|Matched pairs Chemosensitive/chemoresistant .||TP53 State .||CX-5461 IC50 (μmol/L) .|
|Other cancer cell lines|
|Normal immortalized cells|
|Matched pairs Chemosensitive/chemoresistant .||TP53 State .||CX-5461 IC50 (μmol/L) .|
|Other cancer cell lines|
|Normal immortalized cells|
CX-5461 causes cell-cycle arrest in G2–M
To examine the biologic effects of CX-5461, we first examined cell-cycle composition with treatment, employing PI incorporation and flow cytometric analysis. The six chemosensitive/chemoresistant paired cell lines were treated with either vehicle control, the IC50 of CX-5461, or the IC90 of CX-5461 for 48 hours. Interestingly, there was pronounced G2–M arrest in both SKOV3 cell lines with the IC90 dose, from 24.48% to 37.89% in SKOV3ip1, and 36.45% to 56.16% in SKOV3TRip2 (Fig. 2E). This was also observed with the IC90 dose in A2780cp20 (38.86% to 69.61%), HeyA8MDR (31.75% to 51.49%) and the IC50 dose in A2780ip2 (26.31% to 42.71%; Fig. 2D and F). An arrest in G2–M is consistent with prior observations that Pol I activity is the highest in the G2–M phase (35).
To confirm arrest at G2–M, cyclin B was measured by immunofluorescence. The G2–M transition is tightly regulated by the interplay of cyclin B and CDC2, with the dephosphorylation of CDC2 being required for movement into mitosis by the phosphatase CDC25. G2-arrested cells should show a buildup of cyclin B and pCDC2 (tyr15) in arrested cells. Immunofluorescence after treatment with CX-5461 showed intense staining of cyclin B appearing perinuclear after treatment (Fig. 2G). Furthermore, immunoblotting indicated an increase in pCDC2 (tyr15) and cyclin B after treatment in all cell lines (Fig. 2H), verifying significant arrest in late G2.
Transcription of rDNA is increased in chemoresistant cell lines despite lower overall growth rate
Because protein synthesis rate is directly proportional to cell growth rate, ribosomal production is traditionally thought to mirror proliferation rates. However, this paradigm is not consistent with our in vivo observation that treated tumors had upregulation of Pol I machinery despite low proliferation rates, and the SKOV3TRip2 and HeyA8MDR cell lines were more sensitive to CX-5461 despite their lower doubling times. To identify the potential mechanism by which chemoresistant tumor cells are more sensitive to inhibition of rRNA synthesis, we characterized rRNA synthesis in SKOV3ip1 and SKOV3TRip2 cells. On the basis of isotopic labeling (Fig. 3A), we observed a dramatic increase in rRNA synthesis in the chemoresistant line compared with the control cells. To confirm our isotopic labeling results, we measured pre-rRNA abundance using RT-qPCR, probing for the 5′-external transcribed sequence (5′-ETS; Fig. 3B). As this RNA species is short-lived, its abundance is used as a measure of rRNA synthesis rate. We observed a significant increase in HeyA8MDR compared with parental HeyA8; in SKOV3TRip2 compared with SKOV3ip1; but a nonsignificant decrease in A2780cp20 compared with A2780ip2. Therefore, relative sensitivity to CX-5461 does follow with rRNA synthesis rate, at least when comparing the pairs. It does not follow with sensitivity when comparing different cell lines, and therefore cannot be used as an absolute marker of response alone. However, it does confirm that rRNA production does not follow precisely with proliferation rate, and is increased in the taxane-resistant lines when compared with parental controls. Increased total rRNA can be achieved by increasing the rate of transcription by Pol I, by inhibition of rRNA decay, or by a combination of these mechanisms. To test whether transcription by Pol I was induced, we measured polymerase occupancy on the rDNA repeat using chromatin immunoprecipitation (ChIP). We observed a 2- to 3-fold increase in polymerase occupancy of the gene in the SKOV3TRip2 cells compared with the parental line (Fig. 3C). Together, these data suggest that synthesis of rRNA by Pol I is increased in the taxane-resistant line, despite its slower growth rate.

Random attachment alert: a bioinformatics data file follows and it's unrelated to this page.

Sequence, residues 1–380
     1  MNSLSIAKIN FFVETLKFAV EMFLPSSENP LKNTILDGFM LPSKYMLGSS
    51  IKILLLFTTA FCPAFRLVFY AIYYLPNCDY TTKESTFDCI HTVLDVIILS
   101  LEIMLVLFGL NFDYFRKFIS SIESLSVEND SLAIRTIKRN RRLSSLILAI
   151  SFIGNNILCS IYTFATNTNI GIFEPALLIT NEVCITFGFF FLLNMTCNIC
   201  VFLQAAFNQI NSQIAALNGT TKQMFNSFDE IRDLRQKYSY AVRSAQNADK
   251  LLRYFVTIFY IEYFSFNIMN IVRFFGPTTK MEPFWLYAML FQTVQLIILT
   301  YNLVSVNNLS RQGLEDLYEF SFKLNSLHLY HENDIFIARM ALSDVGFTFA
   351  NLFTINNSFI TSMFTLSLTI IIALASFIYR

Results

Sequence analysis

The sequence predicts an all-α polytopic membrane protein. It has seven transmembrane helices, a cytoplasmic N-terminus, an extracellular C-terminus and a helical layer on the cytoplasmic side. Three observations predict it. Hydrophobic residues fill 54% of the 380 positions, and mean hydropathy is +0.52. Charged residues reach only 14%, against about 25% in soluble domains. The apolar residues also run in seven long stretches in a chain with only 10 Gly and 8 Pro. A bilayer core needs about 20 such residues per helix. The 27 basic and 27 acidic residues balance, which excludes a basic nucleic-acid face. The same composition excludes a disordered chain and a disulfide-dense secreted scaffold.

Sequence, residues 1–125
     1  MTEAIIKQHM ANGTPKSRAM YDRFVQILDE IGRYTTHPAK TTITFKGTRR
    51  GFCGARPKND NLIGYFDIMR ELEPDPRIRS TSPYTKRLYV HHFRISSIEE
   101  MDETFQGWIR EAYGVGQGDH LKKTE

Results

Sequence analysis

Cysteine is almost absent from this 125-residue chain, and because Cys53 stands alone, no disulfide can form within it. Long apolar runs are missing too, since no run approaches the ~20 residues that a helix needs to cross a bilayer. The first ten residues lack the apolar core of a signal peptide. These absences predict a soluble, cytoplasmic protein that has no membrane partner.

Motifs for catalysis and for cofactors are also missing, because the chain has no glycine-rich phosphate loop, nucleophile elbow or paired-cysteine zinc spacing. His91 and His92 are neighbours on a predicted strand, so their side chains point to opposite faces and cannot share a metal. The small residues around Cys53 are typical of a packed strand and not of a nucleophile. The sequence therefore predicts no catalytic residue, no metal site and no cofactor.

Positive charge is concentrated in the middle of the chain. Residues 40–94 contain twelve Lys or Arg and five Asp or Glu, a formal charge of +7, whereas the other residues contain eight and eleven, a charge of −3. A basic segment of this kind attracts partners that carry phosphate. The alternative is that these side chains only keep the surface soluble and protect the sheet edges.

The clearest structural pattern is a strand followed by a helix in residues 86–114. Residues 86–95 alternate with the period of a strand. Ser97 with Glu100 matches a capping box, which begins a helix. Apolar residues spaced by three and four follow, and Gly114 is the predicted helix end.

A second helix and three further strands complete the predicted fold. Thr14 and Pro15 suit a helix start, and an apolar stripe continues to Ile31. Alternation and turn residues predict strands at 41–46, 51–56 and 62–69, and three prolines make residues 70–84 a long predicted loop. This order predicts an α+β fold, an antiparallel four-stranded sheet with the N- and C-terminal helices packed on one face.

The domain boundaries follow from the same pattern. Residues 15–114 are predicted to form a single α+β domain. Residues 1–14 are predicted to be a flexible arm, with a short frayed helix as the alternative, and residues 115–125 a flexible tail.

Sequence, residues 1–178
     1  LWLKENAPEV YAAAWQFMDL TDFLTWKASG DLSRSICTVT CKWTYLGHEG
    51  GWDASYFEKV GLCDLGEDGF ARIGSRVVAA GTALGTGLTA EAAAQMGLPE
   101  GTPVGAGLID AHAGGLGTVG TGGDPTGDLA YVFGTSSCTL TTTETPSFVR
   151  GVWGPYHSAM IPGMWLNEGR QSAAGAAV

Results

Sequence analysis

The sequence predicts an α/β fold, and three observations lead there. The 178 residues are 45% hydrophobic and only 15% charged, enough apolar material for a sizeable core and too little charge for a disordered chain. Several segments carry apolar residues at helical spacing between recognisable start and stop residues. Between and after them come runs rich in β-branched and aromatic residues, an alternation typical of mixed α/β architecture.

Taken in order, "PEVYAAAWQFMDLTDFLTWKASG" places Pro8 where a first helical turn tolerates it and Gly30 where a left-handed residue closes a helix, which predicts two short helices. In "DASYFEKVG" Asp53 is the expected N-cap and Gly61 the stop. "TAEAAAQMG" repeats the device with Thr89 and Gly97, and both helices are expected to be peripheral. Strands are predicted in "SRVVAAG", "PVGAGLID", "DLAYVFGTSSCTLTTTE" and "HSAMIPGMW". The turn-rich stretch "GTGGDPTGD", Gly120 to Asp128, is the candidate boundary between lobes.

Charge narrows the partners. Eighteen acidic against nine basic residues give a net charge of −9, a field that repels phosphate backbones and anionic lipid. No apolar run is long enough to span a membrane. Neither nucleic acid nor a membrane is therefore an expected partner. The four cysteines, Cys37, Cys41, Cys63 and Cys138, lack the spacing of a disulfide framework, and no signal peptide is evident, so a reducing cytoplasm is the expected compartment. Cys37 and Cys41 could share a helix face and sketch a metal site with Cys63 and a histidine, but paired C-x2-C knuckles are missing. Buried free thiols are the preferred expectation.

Enhanced production of rRNA could suggest that more ribosomes are present and functional in the taxane-resistant cells, or may represent an overproduction in response to faulty ribosomal functionality. To semiquantitatively examine engagement of ribosomes onto mRNA, we performed sucrose gradient fractionation of cytoplasmic fractions from cycloheximide-treated cells. As shown in Fig. 3D, ribosomes profiles from equal cell numbers reveal competent ability of ribosomes to bind to mRNA in both cell lines. Each peak following the 40S, 60S, and 80S peaks represents an mRNA strand with at least 2 ribosomes attached. The first peak is composed of an mRNA with 2 ribosomes attached, the next with 3 ribosomes, and so on. There is a suggestion that there are actually more actively translating ribosomes/mRNA units, though this method is semiquantitative and that conclusion is not definitive. However, the prominent polysome peaks do confirm that there is not a decrease in the number of translating ribosome/mRNA units in the SKOV3TRip2 line, and therefore increased production of ribosomes is not due to defective ribosomal functionality. It does suggest that the increased ribosome production leads to increased translation. Therefore, chemoresistant cells appear to be using increasing translation as a mechanism of chemoresistance.